I miss the bicycles that take you places. Tiny boys on oversized bikes leaning over the edge of guttering. Wheels that push aside muddy waters and glide around faceted stones. The clean lines of bicycle stands ramrod straight – pending commands. The sly song the chain sings as it slips past.
I miss walking in warm rain. One crazy family with a perpetually drenched flute. Earth song creeping into welcoming pores – breaking up brown jumbles, carrying along newer greens. The touch of trampled flowers rising to the sky. The sigh as the air shifts to accommodate her sister as she falls.
I miss the roads built for trees. Towering masts on the horizon of a flattened gray sea. Learning from rivers the unwisdom of pride. The curvy conversation between greens, browns and gray – the complicated spiral that moves slowly, breaks tenderly and leads anywhere.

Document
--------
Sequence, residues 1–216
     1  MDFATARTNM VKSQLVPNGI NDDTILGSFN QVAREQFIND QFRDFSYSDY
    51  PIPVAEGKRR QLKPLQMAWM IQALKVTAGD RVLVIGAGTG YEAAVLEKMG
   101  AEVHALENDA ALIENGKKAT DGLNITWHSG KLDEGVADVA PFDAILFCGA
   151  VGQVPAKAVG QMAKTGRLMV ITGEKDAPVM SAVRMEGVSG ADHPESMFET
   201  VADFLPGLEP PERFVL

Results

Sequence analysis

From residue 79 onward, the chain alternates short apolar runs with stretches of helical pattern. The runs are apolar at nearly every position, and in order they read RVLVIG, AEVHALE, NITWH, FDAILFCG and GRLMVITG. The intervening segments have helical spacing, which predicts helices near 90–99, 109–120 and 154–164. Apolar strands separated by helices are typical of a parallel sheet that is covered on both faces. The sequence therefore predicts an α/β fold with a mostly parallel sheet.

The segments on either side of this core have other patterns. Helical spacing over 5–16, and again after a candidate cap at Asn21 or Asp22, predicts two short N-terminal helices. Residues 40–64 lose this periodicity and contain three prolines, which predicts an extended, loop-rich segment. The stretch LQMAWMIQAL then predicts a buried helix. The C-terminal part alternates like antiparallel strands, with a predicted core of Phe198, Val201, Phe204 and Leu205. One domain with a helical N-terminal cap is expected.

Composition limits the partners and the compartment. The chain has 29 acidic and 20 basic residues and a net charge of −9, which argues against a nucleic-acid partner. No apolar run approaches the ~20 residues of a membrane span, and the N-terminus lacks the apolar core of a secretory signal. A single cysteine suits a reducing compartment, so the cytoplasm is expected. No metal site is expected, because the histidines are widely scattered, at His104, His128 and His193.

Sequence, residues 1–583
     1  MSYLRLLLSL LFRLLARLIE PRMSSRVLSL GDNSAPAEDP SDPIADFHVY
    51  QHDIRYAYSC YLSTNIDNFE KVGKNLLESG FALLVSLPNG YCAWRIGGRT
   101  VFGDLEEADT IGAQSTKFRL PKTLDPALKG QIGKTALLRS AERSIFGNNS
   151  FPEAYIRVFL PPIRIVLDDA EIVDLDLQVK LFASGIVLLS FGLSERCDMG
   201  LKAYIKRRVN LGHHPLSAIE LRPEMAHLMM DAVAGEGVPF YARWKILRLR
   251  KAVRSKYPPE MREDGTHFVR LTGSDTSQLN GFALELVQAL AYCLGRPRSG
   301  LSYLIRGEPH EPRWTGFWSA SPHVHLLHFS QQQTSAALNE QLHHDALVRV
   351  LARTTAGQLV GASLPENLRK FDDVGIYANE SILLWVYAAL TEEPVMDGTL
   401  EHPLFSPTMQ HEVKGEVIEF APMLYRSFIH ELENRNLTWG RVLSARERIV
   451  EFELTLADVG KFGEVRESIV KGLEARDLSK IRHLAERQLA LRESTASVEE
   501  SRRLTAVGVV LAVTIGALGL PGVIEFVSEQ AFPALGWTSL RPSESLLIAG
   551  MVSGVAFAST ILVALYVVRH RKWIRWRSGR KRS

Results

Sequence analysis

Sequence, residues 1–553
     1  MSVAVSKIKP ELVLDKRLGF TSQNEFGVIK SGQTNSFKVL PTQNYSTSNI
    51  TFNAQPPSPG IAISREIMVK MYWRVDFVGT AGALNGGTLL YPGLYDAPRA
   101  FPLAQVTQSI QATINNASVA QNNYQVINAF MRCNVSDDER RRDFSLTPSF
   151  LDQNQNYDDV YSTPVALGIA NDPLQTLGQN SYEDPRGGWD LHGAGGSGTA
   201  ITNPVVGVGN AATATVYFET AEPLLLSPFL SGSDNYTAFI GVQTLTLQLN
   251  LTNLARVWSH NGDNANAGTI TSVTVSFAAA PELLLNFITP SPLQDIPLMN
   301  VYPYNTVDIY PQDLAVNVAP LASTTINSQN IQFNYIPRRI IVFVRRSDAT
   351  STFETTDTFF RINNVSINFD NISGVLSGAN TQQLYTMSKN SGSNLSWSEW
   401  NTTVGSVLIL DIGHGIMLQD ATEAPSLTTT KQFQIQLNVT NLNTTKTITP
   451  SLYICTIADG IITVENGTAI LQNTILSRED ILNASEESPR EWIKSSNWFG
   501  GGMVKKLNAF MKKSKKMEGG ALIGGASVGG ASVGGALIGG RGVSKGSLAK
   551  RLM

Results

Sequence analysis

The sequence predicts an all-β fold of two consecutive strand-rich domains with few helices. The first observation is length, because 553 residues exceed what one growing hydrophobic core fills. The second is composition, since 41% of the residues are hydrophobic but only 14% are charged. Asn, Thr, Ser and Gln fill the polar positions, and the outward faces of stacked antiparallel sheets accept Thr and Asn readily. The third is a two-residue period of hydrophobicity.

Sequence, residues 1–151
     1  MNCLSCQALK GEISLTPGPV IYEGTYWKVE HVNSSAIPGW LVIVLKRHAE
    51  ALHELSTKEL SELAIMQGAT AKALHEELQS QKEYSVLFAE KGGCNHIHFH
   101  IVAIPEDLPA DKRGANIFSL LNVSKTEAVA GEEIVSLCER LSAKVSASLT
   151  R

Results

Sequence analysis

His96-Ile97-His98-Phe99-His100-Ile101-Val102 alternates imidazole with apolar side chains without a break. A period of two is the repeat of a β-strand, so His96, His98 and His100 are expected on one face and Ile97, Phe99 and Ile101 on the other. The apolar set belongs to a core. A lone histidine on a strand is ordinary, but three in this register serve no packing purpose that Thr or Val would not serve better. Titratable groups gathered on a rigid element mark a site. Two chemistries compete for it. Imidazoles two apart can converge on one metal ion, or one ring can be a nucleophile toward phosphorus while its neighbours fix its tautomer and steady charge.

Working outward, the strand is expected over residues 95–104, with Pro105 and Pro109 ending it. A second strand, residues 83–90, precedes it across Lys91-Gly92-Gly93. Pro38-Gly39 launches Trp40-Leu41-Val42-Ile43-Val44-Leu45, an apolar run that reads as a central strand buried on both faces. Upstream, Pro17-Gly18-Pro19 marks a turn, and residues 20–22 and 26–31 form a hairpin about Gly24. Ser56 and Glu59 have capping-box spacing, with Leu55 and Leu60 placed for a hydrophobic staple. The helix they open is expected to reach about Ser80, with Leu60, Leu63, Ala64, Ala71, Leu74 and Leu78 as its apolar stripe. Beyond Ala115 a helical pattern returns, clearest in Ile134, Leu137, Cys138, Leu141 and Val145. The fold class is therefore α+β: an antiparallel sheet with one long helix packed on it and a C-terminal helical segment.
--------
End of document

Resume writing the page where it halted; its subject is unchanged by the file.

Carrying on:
I miss the faces that deflect my own. Walking down a street in bright pink and blending in. Smiles that sidle along shyly – inquisitively probing eyes taking in every detail of my entire life. The blanket of names that covers us all. The mirrored room that reflects the shape of my back and my hands and eyes.